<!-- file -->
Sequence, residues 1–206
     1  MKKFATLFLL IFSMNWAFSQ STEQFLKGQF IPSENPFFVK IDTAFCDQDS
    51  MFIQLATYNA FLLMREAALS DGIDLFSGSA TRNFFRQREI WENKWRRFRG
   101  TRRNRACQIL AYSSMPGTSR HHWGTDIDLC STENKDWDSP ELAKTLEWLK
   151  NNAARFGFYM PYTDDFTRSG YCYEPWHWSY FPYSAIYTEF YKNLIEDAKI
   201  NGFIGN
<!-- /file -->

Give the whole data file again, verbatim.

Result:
Sequence, residues 1–206
     1  MKKFATLFLL IFSMNWAFSQ STEQFLKGQF IPSENPFFVK IDTAFCDQDS
    51  MFIQLATYNA FLLMREAALS DGIDLFSGSA TRNFFRQREI WENKWRRFRG
   101  TRRNRACQIL AYSSMPGTSR HHWGTDIDLC STENKDWDSP ELAKTLEWLK
   151  NNAARFGFYM PYTDDFTRSG YCYEPWHWSY FPYSAIYTEF YKNLIEDAKI
   201  NGFIGN